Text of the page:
Classlist Parent Associations

Now it’s time for your Parent Association to bounce forward

parent association bouncing forward

Last year was tough for parent associations, PTAs and PTOs. But as they say “That what doesn’t kill you makes you stronger”. Here are some ways to bounce forward in 2021.

Tough time 

Reflecting back on the past year, it is clear that running a PTA, council, friends or parent association has been hard work the last twelve months. Many schools simply mothballed activity. Recognising that school staff and parents just didn’t have the mental space to focus on community and socialising.

So all the fun, social aspects of school didn’t happen. No playdates with school mates. Worse still, no birthday parties. According to our data, an 85% drop in birthday parties

Remember those school events where we all get to know each other better? Such as the summer and winter fairs, concerts, plays, coffee mornings, parents nights out? These dropped by 60% compared with pre-Covid times.

Interestingly, paid events only dropped by 35%. This is because some parent associations soldiered on and switched to virtual events. Such as quiz nights, wine and cheese evenings, virtual balloon and horse races and walking trails. 

Another interesting trend: total ticket numbers declined by around 30%. But many of our Ambassadors commented on higher engagement than equivalent in-person events held in the past. Indeed, our data across all Classlist schools indicates that the average number of tickets sold per event actually increased by 10%. 

Parent Association event trends

Source: By number. Classlist 2021

PTAs and parent associations are often responsible for uniform sales and lost property. Last year, these went online. Saving considerable time of school staff. As parents traded amongst themselves. In fact listings posted on Classlist increased by 5% despite pupils not having to wear uniforms, trade up musical instruments or sports equipment, for most of last year.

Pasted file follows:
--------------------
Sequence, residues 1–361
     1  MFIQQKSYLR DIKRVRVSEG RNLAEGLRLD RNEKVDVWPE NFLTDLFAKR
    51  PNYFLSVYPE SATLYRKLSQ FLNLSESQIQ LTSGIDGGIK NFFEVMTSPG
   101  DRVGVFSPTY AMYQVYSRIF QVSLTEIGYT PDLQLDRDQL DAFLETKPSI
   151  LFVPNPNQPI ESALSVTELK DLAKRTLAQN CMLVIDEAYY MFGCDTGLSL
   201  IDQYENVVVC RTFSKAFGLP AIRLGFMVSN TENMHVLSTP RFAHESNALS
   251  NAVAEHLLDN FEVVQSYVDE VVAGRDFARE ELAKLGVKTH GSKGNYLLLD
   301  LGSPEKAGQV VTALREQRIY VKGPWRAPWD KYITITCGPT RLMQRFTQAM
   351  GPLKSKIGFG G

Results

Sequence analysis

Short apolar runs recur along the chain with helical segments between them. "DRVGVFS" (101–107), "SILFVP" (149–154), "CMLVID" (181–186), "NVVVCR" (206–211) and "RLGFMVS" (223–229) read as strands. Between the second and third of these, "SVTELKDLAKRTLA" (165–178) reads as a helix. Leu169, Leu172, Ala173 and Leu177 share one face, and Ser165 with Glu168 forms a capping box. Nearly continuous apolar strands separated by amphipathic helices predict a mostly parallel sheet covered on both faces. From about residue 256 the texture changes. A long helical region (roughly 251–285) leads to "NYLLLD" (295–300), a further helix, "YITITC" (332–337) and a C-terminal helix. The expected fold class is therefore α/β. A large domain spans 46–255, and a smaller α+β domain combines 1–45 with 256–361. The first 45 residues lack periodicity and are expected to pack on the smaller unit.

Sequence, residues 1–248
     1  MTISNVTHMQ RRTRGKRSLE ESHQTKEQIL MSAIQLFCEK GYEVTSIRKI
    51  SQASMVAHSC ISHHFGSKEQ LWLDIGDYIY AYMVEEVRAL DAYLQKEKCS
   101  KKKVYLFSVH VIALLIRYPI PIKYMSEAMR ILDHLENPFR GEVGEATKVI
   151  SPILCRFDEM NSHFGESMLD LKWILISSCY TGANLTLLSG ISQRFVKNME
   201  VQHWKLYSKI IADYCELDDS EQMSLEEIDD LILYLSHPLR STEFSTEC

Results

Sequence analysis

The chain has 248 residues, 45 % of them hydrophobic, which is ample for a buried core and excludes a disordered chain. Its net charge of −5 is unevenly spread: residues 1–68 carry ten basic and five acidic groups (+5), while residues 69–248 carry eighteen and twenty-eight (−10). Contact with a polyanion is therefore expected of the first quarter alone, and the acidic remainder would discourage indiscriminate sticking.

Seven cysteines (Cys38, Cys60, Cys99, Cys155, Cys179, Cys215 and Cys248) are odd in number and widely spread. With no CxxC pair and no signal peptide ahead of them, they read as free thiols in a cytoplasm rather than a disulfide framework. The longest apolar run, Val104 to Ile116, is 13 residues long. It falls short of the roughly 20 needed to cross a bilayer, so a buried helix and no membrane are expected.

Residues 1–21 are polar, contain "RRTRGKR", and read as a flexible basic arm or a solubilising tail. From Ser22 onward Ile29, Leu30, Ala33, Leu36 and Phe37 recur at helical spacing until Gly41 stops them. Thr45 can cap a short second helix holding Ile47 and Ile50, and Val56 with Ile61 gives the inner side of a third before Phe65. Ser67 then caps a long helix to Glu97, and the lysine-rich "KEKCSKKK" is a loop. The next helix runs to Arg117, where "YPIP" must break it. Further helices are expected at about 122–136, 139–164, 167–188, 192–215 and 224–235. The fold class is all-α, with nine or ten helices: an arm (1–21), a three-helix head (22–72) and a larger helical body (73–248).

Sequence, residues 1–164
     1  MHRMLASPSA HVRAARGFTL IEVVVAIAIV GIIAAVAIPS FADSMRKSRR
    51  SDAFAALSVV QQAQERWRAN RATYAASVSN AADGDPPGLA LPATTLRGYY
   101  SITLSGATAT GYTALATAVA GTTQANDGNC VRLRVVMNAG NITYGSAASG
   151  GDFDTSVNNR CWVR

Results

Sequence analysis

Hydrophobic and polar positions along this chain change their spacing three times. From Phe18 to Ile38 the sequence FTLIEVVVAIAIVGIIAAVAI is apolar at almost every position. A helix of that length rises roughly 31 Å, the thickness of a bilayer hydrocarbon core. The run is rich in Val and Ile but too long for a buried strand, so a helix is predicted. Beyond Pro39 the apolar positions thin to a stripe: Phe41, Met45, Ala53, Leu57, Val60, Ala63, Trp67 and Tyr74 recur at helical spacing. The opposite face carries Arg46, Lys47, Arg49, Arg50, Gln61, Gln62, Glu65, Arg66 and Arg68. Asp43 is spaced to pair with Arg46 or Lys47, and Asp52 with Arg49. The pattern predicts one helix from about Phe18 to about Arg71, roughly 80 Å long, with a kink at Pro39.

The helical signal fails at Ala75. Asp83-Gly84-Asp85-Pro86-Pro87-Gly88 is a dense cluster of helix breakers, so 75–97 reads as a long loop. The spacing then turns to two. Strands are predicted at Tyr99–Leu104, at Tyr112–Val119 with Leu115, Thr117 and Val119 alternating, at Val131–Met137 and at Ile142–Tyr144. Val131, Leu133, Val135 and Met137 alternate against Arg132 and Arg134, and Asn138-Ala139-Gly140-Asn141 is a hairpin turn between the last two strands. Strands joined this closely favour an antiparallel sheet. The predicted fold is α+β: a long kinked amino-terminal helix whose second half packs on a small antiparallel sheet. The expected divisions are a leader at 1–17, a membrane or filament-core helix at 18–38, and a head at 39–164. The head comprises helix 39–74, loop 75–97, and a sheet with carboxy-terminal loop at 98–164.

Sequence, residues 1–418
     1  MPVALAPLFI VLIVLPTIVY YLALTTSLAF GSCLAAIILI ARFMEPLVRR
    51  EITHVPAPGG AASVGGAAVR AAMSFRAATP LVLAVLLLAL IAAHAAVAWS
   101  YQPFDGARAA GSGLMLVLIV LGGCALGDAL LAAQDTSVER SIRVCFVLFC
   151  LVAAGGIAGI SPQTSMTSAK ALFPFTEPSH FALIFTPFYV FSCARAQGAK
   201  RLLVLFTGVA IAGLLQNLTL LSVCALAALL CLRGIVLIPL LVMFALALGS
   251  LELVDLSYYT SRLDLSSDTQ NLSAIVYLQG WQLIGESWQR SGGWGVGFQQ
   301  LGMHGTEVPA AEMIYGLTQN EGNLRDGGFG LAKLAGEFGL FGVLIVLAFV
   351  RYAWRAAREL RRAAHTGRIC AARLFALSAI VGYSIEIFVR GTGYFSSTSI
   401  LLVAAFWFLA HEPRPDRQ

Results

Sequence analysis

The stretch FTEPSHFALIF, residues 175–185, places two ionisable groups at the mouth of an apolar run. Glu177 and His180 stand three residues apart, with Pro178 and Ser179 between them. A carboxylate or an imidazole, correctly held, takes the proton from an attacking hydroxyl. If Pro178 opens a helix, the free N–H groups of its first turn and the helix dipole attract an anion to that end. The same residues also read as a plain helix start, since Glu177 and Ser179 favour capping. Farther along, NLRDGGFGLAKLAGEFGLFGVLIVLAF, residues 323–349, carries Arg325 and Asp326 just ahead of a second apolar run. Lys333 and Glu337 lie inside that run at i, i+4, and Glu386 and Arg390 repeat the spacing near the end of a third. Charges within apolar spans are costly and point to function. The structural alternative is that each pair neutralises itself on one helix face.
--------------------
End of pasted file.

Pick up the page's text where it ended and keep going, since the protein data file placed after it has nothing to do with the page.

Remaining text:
These statistics however, fail to highlight the emotional hardship experienced by families during this time. By all accounts, it’s been those pupils in transition years who have been worst hit. For instance, starting primary school for the first time, moving from primary to secondary and leaving secondary school.

These important years can’t be recaptured for these cohorts. But there’s time to ensure new joiners this time round have a much better experience.

Focus on the four P’s

Although we are still living in uncertain times, by focusing on the four P’s – purpose, place, people and partnerships, school communities can bounce forward and thrive.

1. Purpose 

Tradition and school culture play a key role to help newcomers understand the purpose of your community. Without in-person contact however, these social cues are missed. Especially for parents new to the school in 2020 when schools were shut.

Your purpose taps into that thing that all successful school communities have in common:

  • being part of something bigger
  • working towards a common goal
  • building skills and getting better.

Here is a link to an article on how to craft your updated purpose statement.

2. Place: Need to offer online and offline locations

With some schools experiencing higher levels of parent participation than before, its clear that events and social networking don’t need to be restricted to the school premises. Two trends we can expect to see in future:

  • More frequent events with smaller groups. These will be around common interests. Book clubs, weekend pursuits, dog walking.  
  • Hybrid events. Concerts, plays, sporting events that parents can attend in-person but will also be streamed live and recorded for those that can’t make it to the school.  

3. People: New skills and accessing a wider pool of contributors.

Parents that participate will come from a wider range of backgrounds and offer new skill sets. For instance:

  • Digital communication skills are essential to capture parent attention from competing channels. Messages should be designed with mobile first in mind.
  • Community management skills are vital. Especially since we have a whole generation of families that missed out last year from being properly integrated into the community. Skills in:
    • fostering parent to parent connections;
    • moderating and managing interest groups to create further cohesion
    • attracting and motivating of volunteers
    • creating engaging donation campaigns from parents and local businesses. 

4. Partnership

Last year showed that the welfare of pupils is a joint effort between staff and parents. Schools need to ensure that they are optimising their amazing pool of parent talent. Parents will trust staff more if they work together on a common goal. Two steps school staff need to take right now:

  • Be more proactive in ensuring succession planning is taking place for their parent association chair. Ideally a Chair should be in charge for no more than two years. Committee members can stay longer.  A deputy or vice chair should be appointed, ready and willing to take over. 
  • Joint participation – staff representation on the committee improves the association’s effectiveness. It also ensures that activities are inclusive of the wider community.

Better times

In conclusion: those PTAs, PTOs that soldiered on taught us a lot about how to overcome physical and emotional challenges. And build even better school communities than before the pandemic. 

About the author

Susan Burton

Susan Burton

Susan is the CEO and founder of Classlist.